When I asked Vitor Belfort
what he thought it would feel like to walk out in front of a screaming crowd of his countrymen in Rio's HSBC Arena for UFC 142
in the wee hours of Sunday morning, he described it in one word: intense.
"I do my best no matter where I'm at, but I know that crowd's going to be the loudest crowd ever," Belfort said. "I'm going to enjoy the moment. It's a party every time I step in that Octagon. It's party time. The hard work is done and it's time to do what you do every day in the gym. Of course, you have only one chance, so you have to enjoy the moment."
And yet I admit that, based on what I've learned of fighterspeak over the years, something in that statement set off alarms in my head. Not only did Belfort say he was going to 'enjoy the moment' twice in the span of about six sentences, he went on to use that exact same phrase at least half a dozen more times in the less than ten minutes we spent on the phone.
For a normal person, maybe that means nothing. But a fighter? In my experience, once they stop talking about their obsessive desire to win and perform and become a champion, and they start talking about enjoying each passing moment of fight week, it usually means they're thinking about hanging it up soon. It made me wonder: is Vitor Belfort closing in on retirement? Is that even possible?
Belfort is a little like the anti-Wanderlei Silva
in some ways. With Silva, you think about his long, memorable career and look at his weathered face -- even after plastic surgery, it remains a rugged timeline of his experiences in the fight game -- and you can't believe he's only 35 years old. Then you look at Belfort, who still looks fresh and eager and in possession of roughly the same facial symmetry he started with, and it's hard to believe he's actually 34.
At the same time, it makes sense. They came up more or less as contemporaries. When they faced off at UFC
Brazil in 1998, they were both 5-1 as professionals. But in the intervening years it seems like Silva's lived several brutal lifetimes, while Belfort's best days have seemed always just in front of him, like a hill he never quite seems to crest.
When I spoke to him in the Copacabana Palace Hotel the last time the UFC was in Rio, he was fresh off a knockout of Yoshihiro Akiyama
and all he could talk about was getting another shot at middleweight champ Anderson Silva
. When I mentioned that it might be tough to do, considering how recently he'd been beaten by the champ, he just shook his head intently as his young son hammered one overhand right after another into his father's gut in an attempt to get the old man's attention.
"I'll do it," Belfort said confidently. "I'll do whatever I have to do."
But this time, just a couple days away from a fight with Anthony Johnson
, which -- win or lose -- will lead him straight into an Ultimate Fighter coaching gig opposite his old friend Wanderlei, Belfort struck a very different tone.
"I'm enjoying the moment," he said again. "I'm enjoying every time I can enjoy, all of this. Right now I'm enjoying everything as it comes."
Maybe it's the weight-cut talking. Maybe it's too many phone interviews lined up back to back to back to back. Maybe it's just something he says when he's not sure what else to say. But when I put it to Belfort straight and asked him if all this 'enjoy the moment' talk meant he was looking at his career and wondering how many such moments were left in it, he didn't shoot me down. Far from it.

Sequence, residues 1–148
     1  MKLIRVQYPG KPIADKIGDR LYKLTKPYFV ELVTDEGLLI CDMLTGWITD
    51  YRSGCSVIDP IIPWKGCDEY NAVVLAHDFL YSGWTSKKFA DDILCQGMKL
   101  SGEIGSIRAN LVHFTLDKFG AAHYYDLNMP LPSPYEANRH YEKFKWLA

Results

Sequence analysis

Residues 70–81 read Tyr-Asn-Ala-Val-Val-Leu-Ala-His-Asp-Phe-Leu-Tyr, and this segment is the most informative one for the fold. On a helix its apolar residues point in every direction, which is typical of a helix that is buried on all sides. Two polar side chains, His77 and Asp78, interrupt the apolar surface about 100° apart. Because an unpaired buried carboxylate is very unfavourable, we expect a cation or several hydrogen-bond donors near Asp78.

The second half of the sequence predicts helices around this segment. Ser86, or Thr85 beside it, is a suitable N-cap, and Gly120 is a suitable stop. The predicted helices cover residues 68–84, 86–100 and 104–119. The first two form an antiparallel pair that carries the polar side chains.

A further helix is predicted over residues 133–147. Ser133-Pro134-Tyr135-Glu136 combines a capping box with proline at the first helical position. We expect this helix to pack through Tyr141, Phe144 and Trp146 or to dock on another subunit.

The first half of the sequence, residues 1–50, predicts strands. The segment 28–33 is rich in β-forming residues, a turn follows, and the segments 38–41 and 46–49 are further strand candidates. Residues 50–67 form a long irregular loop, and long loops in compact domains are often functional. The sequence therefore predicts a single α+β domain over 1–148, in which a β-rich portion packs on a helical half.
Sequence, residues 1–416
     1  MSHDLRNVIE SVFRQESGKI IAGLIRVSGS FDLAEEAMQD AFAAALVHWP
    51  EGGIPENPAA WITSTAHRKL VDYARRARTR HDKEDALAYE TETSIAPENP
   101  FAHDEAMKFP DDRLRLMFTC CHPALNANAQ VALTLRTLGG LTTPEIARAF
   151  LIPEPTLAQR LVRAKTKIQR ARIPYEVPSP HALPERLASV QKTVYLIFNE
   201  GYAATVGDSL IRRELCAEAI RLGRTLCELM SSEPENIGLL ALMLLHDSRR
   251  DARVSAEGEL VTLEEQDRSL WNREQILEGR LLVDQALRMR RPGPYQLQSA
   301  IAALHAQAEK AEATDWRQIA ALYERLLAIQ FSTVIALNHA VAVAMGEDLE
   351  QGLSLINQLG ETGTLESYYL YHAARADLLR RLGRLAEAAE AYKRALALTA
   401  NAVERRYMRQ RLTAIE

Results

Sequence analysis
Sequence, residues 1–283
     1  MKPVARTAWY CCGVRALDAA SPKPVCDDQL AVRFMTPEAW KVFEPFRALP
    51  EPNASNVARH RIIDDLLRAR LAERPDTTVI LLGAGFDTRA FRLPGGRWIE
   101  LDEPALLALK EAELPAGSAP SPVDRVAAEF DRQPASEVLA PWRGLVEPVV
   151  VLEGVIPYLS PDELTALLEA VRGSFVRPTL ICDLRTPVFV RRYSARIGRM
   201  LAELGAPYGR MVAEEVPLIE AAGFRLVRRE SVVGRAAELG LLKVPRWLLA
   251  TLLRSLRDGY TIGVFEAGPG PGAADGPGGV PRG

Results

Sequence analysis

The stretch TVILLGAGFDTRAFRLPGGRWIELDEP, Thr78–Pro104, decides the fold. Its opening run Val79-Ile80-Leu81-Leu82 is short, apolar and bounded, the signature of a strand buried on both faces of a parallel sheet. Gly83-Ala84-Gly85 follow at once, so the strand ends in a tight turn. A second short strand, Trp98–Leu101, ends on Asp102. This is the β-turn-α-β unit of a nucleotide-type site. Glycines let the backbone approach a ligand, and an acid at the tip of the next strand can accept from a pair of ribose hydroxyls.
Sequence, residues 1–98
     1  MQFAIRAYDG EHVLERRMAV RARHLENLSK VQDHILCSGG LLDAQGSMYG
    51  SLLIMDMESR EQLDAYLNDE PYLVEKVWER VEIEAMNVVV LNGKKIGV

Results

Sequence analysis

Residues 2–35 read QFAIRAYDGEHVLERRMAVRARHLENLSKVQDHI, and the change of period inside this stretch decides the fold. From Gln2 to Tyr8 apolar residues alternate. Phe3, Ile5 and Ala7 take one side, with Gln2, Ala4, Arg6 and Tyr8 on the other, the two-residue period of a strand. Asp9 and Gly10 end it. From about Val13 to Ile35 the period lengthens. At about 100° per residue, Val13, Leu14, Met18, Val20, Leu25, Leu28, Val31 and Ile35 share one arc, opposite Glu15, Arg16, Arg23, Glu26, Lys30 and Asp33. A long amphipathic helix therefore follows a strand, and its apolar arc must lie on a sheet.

"I want to finish strong," he said. "I want to finish the best I can finish. We'll see when God's going to decide to speak to my heart and tell me that it's the moment to finish. I know that the time is coming, so I'm preparing to finish the best I can finish."
At first, it still seems hard to believe. When you think of the guys who might need to hang it up soon, Belfort's name doesn't spring to mind. He still looks good in the cage, can still take and deliver a punch with the best of them. But the years are the years and the numbers are the numbers. The bout with Johnson will be his 30th professional MMA
fight in a more than fifteen-year career. Almost all of that time has been spent at the sport's highest level, against top-tier opponents. Surely, that takes its toll whether we see it etched into a man's face or not.
But when you're still as competitive as he is is well into your mid-thirties, I asked him, how do you know when it's time?
"God will speak to my heart," Belfort answered. "I will feel the moment. I don't have any ego or pride. In life, you have to understand that everything has a beginning, middle, and end. The only thing that doesn't have an end is God's presence, and God Himself. He's the only thing that doesn't have an end. ...That time will come and I will feel it. And when it comes, I'm going to accept it."
For those of us who were teenagers ourselves back when Belfort got his start as the blistering 19-year-old who knocked people out in a matter of seconds -- back when he was "The Phenom," who eventually gave way to the talented, but not quite dominant middle-aged fighter -- it's strange to think that he must now be closer to the end than the beginning.
But then, that time comes for every fighter. The time when you start actively trying to enjoy these fleeting moments as a pro fighter because you realize there's only a finite number of them left.